Article VI, the Supremacy Clause of the Constitution, declares:
This Constitution, and the Laws of the United States which shall be made in Pursuance thereof, and all Treaties made, or which shall be made, under the Authority of the United States, shall be the supreme Law of the Land; . . .
There is nothing in this language which intimates that treaties and laws enacted pursuant to them do not have to comply with the provisions of the Constitution. Nor is there anything in the debates which accompanied the drafting and ratification of the Constitution which even suggests such a result. These debates, as well as the history that surrounds the adoption of the treaty provision in Article VI, make it clear that the reason treaties were not limited to those made in "pursuance" of the Constitution was so that agreements made by the United States under the Articles of Confederation, including the important peace treaties which concluded the Revolutionary [p17] War, would remain in effect. [n31] It would be manifestly contrary to the objectives of those who created the Constitution, as well as those who were responsible for the Bill of Rights -- let alone alien to our entire constitutional history and tradition -- to construe Article VI as permitting the United States to exercise power under an international agreement without observing constitutional prohibitions. [n32] In effect, such construction would permit amendment of that document in a manner not sanctioned by Article V. The prohibitions of the Constitution were designed to apply to all branches of the National Government, and they cannot be nullified by the Executive or by the Executive and the Senate combined.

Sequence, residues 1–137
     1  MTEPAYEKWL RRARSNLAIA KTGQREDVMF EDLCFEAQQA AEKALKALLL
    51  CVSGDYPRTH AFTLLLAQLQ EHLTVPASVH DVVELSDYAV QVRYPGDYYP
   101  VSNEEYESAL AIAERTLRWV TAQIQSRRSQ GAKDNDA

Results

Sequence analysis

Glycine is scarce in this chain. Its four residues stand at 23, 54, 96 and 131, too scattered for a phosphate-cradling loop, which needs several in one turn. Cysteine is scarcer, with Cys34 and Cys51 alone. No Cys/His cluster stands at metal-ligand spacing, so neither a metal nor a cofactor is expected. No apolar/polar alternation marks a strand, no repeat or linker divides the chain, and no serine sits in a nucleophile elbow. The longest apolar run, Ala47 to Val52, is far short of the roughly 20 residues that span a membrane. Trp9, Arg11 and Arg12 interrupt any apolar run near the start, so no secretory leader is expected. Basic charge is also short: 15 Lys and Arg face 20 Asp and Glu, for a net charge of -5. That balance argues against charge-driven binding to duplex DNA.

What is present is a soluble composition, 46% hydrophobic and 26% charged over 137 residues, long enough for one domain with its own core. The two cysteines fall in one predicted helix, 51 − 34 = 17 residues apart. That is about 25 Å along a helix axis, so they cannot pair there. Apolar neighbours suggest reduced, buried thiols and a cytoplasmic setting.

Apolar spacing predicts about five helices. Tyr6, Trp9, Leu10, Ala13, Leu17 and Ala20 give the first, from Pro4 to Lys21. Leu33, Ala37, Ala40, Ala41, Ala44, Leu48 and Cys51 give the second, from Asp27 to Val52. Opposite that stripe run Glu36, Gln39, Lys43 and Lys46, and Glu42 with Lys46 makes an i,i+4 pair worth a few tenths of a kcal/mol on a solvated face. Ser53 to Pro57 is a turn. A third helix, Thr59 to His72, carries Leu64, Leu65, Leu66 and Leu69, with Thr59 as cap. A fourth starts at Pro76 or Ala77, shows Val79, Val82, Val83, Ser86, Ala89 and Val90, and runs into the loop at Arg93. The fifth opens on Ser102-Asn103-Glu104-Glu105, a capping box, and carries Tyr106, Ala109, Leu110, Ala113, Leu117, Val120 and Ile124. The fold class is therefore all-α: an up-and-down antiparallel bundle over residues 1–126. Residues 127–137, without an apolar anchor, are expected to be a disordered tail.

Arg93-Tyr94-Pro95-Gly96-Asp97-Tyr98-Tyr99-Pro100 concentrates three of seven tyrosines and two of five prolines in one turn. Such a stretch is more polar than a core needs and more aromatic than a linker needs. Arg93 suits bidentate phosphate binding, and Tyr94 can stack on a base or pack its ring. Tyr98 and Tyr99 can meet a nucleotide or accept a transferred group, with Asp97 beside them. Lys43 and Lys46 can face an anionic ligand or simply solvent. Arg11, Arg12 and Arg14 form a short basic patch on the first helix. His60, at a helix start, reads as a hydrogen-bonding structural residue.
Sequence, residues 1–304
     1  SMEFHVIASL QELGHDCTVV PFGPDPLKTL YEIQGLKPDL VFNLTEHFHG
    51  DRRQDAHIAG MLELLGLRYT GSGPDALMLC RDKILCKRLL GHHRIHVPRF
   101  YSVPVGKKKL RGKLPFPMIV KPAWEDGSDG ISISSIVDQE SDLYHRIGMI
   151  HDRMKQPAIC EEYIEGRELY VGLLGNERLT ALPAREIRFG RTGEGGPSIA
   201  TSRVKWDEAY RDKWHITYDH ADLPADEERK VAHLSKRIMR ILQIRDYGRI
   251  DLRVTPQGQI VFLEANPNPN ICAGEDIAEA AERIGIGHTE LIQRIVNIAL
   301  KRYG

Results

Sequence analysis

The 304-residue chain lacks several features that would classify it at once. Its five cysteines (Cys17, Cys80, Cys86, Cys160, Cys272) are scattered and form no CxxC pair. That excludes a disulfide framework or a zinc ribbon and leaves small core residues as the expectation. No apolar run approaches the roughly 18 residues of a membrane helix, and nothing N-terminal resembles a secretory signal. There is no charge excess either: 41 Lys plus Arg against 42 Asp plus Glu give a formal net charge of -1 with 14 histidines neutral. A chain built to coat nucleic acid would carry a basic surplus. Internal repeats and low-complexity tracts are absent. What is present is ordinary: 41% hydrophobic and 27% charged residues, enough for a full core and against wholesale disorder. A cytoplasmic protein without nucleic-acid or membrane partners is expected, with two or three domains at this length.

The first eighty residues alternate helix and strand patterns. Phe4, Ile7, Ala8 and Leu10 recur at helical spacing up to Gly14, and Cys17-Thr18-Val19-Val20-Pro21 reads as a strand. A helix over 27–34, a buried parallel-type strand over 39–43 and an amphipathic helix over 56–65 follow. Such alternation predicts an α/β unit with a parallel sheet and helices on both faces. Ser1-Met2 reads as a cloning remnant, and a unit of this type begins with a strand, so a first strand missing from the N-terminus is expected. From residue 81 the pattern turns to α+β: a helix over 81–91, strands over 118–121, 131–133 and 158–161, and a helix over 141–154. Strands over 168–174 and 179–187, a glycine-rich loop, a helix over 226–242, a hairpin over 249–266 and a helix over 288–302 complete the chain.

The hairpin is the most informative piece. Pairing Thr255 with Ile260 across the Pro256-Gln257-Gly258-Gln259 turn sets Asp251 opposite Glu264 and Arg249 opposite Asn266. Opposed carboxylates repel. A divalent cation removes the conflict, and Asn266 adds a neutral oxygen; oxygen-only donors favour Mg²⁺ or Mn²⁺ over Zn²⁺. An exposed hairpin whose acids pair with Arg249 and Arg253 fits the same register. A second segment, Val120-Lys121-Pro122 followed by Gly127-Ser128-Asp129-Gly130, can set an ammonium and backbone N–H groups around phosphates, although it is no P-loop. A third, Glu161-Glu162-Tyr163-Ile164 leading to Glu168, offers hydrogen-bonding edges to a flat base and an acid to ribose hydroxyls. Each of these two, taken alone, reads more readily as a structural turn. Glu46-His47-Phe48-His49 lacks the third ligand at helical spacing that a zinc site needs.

There is nothing new or unique about what we say here. This Court has regularly and uniformly recognized the supremacy of the Constitution over a treaty. [n33] For example, in Geofroy v. Riggs, 133 U.S. 258, 267, it declared:
The treaty power, as expressed in the Constitution, is in terms unlimited except by those restraints which are found in that instrument against the action of the government or of its departments, and those arising from the nature of the government itself and of that of the States. It would not be contended that it extends so far as to authorize what the Constitution forbids, or a change in the character of the [p18] government, or in that of one of the States, or a cession of any portion of the territory of the latter, without its consent.
This Court has also repeatedly taken the position that an Act of Congress, which must comply with the Constitution, is on a full parity with a treaty, and that, when a statute which is subsequent in time is inconsistent with a treaty, the statute to the extent of conflict renders the treaty null. [n34] It would be completely anomalous to say that a treaty need not comply with the Constitution when such an agreement can be overridden by a statute that must conform to that instrument.